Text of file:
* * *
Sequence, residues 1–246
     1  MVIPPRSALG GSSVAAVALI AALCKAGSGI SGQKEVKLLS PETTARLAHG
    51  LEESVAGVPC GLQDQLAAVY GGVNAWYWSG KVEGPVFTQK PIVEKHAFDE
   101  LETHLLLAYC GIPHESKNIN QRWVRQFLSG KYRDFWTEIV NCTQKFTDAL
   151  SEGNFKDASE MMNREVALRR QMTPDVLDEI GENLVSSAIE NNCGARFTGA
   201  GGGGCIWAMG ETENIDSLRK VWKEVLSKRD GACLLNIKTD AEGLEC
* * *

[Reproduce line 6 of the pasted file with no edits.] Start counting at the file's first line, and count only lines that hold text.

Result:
   201  GGGGCIWAMG ETENIDSLRK VWKEVLSKRD GACLLNIKTD AEGLEC